Summary - Why You Will Marry the Wrong Person - The New York Times
Romanticism, the idea that “a perfect being exists who can meet all of our needs”, is a “harsh philosophy” that we need to abandon so that we can appreciate ourselves and our partners more fully, leading to healthier relationships and reducing loneliness.
In place of the Romantic view, we should adopt a “philosophy of pessimism”, where we value “the capacity to tolerate differences with generosity” — someone who is “good at disagreement”.
For many reasons, marriage “ends up as a hopeful, generous, infinitely kind gamble taken by two people who don’t know yet who they are or who the other might be, binding themselves to a future they cannot conceive of and have carefully avoided investigating.”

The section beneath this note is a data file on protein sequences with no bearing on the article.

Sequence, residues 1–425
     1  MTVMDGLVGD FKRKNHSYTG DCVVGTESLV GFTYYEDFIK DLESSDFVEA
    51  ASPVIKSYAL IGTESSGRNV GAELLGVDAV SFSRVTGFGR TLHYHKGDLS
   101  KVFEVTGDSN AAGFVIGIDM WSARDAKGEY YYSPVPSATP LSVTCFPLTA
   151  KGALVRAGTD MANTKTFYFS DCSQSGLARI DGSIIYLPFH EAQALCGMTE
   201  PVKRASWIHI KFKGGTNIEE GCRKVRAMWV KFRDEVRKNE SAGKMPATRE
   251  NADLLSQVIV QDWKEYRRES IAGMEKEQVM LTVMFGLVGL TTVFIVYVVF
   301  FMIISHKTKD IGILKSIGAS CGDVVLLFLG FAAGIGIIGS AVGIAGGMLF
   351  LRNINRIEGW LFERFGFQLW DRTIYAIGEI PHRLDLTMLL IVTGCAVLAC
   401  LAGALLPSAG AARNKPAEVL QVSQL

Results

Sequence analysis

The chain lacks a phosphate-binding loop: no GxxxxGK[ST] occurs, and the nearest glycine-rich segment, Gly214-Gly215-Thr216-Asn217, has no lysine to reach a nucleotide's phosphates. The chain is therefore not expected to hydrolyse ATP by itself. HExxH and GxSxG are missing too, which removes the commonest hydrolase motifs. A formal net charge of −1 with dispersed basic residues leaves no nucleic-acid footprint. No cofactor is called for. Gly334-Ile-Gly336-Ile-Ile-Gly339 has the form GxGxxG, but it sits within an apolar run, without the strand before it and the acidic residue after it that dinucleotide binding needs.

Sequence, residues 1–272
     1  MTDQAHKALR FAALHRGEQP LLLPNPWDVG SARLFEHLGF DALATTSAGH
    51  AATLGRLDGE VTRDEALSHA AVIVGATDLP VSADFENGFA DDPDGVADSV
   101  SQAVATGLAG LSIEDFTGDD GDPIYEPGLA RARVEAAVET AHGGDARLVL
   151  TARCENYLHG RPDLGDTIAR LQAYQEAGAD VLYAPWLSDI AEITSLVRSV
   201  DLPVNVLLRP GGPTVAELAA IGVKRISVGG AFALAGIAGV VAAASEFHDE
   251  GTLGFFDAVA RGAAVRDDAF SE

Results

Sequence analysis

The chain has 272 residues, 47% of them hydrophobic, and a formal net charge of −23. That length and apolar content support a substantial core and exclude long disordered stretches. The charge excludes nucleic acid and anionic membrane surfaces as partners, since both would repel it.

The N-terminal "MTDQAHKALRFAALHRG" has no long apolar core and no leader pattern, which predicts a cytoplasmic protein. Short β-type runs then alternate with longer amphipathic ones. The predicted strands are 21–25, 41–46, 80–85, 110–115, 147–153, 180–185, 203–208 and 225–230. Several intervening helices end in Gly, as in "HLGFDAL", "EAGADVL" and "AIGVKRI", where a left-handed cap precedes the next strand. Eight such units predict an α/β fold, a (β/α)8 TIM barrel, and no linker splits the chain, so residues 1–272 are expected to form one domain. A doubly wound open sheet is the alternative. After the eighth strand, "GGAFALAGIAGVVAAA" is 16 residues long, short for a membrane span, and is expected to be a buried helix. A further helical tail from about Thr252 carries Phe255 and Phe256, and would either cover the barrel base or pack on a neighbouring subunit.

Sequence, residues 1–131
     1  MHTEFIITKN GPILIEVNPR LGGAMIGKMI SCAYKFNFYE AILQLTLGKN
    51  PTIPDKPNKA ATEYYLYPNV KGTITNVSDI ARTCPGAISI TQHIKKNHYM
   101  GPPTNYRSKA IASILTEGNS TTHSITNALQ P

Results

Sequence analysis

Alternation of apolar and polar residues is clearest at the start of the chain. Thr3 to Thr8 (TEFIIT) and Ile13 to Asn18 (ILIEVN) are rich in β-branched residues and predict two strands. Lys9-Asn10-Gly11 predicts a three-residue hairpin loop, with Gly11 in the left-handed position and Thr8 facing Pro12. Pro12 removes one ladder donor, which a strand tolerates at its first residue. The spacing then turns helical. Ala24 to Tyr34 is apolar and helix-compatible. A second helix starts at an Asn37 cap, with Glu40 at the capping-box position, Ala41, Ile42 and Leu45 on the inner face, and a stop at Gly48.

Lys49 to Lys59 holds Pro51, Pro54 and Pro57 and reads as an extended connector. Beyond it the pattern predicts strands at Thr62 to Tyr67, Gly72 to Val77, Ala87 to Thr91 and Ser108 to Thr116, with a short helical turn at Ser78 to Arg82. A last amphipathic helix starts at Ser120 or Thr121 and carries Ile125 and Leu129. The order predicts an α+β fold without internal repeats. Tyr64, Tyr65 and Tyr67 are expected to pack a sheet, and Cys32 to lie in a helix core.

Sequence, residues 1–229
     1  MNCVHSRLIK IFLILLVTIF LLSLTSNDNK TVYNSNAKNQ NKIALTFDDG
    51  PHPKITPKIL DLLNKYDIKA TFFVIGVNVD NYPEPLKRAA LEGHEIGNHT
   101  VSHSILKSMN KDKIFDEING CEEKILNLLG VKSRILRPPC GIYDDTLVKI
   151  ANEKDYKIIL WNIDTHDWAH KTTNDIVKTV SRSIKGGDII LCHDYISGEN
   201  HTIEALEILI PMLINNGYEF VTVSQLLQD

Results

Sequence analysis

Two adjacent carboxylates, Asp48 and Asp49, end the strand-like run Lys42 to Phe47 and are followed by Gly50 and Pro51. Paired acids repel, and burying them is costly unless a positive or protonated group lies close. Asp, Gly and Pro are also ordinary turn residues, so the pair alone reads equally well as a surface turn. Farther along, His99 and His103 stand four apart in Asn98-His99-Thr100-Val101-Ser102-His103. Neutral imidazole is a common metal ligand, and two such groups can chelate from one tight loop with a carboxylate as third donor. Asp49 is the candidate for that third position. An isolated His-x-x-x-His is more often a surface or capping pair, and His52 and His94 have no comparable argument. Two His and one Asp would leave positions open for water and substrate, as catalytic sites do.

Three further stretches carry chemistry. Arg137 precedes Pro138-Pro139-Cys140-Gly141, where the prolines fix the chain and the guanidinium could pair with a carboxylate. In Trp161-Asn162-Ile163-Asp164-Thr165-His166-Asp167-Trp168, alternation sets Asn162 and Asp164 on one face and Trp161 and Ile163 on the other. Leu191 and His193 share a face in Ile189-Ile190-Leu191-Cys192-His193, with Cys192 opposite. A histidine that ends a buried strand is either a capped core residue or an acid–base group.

Every “human will frustrate, anger, annoy, madden and disappoint us — and we will (without any malice) do the same to them. There can be no end to our sense of emptiness and incompleteness. But none of this is unusual or grounds for divorce. Choosing whom to commit ourselves to is merely a case of identifying which particular variety of suffering we would most like to sacrifice ourselves for.”
“We should learn to accommodate ourselves to ‘wrongness,’ striving always to adopt a more forgiving, humorous and kindly perspective on its multiple examples in ourselves and in our partners.”
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